Jones v. State

Annotate this Case

327 So. 2d 913 (1975)

Herman JONES v. STATE.

8 Div. 639.

Court of Criminal Appeals of Alabama.

December 9, 1975.

Rehearing Denied January 20, 1976.

Robert M. Shipman, Huntsville, for appellant.

*914 William J. Baxley, Atty. Gen. and Kermit M. Downs, Asst. Atty. Gen., for the State.


Second degree murder; sentence: thirty years imprisonment.

The appellant was indicted for the first degree murder of Patricia Smith "by shooting her with a pistol." At trial, the jury found the appellant guilty of murder in the second degree and fixed punishment at thirty years imprisonment.

At the conclusion of the trial appellant gave notice of appeal and petitioned the court to be declared an indigent. After being so adjudged, appellant's appointed counsel petitioned for a free transcript pursuant to Title 15, § 380(14)§ 380(25), Code of Alabama 1940, as amended 1963. The only trial testimony requested by the appellant for the record on appeal was that of one Linda Lemons.

Miss Lemons testified that she lived at 479 Binford Court and that she was the sister of the deceased, Patricia Smith. On the night of the shooting, she gave a party at her mother's house, but did not see her sister there. She stated that after the party, she rode with two friends to the American Legion Club and arrived there between 11:00 and 11:30 P.M. She did not see her sister or the appellant until the Club was closing, at which time she encountered her sister at the front door. She then reentered the Club to tell her friends that she would ride home with her sister.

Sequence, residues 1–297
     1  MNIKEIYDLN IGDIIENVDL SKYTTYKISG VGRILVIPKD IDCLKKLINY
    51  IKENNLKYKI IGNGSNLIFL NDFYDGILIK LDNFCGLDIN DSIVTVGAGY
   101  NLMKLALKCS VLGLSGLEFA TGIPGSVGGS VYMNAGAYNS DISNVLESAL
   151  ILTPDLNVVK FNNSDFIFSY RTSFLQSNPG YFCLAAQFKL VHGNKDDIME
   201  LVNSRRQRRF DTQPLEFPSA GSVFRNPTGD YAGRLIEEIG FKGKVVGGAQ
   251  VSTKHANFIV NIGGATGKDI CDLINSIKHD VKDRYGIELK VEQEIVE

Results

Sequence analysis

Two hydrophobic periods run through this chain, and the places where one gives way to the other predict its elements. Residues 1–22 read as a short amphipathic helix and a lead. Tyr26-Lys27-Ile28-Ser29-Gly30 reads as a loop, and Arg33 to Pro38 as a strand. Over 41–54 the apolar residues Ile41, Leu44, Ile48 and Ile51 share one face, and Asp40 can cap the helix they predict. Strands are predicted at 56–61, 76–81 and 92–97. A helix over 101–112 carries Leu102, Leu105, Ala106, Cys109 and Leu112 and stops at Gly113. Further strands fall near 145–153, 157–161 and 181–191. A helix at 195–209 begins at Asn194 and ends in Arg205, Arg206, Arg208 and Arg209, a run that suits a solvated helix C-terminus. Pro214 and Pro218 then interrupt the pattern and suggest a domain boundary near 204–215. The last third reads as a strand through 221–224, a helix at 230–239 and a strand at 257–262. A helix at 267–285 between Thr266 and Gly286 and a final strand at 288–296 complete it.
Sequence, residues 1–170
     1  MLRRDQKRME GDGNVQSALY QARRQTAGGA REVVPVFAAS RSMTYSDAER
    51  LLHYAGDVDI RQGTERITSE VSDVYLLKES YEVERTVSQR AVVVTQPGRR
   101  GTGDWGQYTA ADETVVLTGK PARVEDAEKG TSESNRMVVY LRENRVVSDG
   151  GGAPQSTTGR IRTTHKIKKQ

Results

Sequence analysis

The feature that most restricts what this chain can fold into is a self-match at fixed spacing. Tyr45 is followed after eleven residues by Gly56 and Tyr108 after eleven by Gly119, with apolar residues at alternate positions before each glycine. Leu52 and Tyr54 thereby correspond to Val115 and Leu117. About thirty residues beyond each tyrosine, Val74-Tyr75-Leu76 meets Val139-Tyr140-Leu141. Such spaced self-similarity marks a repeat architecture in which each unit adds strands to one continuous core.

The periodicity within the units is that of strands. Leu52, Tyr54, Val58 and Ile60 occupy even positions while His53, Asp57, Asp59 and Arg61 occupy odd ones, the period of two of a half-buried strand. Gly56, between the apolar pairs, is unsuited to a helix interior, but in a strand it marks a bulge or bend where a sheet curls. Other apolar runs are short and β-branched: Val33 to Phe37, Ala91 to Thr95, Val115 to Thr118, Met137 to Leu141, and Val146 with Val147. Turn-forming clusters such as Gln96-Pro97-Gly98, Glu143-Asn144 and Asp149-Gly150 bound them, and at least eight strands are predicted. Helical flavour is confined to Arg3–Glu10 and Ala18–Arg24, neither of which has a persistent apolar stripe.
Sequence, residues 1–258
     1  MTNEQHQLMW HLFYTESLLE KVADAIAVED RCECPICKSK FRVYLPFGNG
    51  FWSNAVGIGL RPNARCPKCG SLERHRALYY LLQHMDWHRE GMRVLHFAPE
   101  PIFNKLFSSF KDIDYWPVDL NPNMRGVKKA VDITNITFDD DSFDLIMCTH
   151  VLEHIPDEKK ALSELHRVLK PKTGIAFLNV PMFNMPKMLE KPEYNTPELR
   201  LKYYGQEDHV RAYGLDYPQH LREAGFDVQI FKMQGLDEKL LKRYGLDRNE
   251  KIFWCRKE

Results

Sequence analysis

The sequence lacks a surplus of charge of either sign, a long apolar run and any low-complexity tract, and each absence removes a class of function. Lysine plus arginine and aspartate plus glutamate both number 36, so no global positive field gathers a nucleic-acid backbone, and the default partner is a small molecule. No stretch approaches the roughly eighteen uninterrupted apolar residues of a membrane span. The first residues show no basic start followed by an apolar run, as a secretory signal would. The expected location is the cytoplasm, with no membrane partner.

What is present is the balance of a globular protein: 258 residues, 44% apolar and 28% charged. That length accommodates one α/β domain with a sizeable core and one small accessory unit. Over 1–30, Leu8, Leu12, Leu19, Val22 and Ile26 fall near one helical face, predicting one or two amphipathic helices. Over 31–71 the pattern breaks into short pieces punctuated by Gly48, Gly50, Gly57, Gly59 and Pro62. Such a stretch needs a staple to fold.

On returning to the front door, her sister was gone, so Miss Lemons walked outside and got in a friend's car. She stated that at that point she heard a gun shot, but did not pay much attention until the appellant's sister said, "he done killed her, he killed her." Miss Lemons then got out of the car, ran over to see what had happened and found her sister lying motionless in the parking lot. The appellant was standing over her with a pistol in his right hand.

The witness said that as she attempted to revive her sister, the appellant told her that he would shoot her if she did not get her hands off her sister. At that point, she told him that he would have to shoot because she could not leave her sister. The witness stated that she took her sister's shoes which were lying on the ground and got a ride to Binford Court. She saw the appellant again, later that night, in the admitting room at the hospital, but did not speak to him.

The witness did not know whether the appellant was married at the time of the shooting. She said that he had been married before, but was dating the deceased, who was separated from her husband. Miss Lemons concluded her direct testimony by saying that on the night in question, she was drinking at her mother's house, but not at the American Legion Club.

On cross examination, Miss Lemons testified that she saw neither the shooting nor her sister fall. Miss Lemons said that she was upset on the night of her sister's death and could not remember making a statement that night to a policeman to the effect that her sister and the appellant appeared to be fighting, and that she heard at least three shots before seeing her sister fall.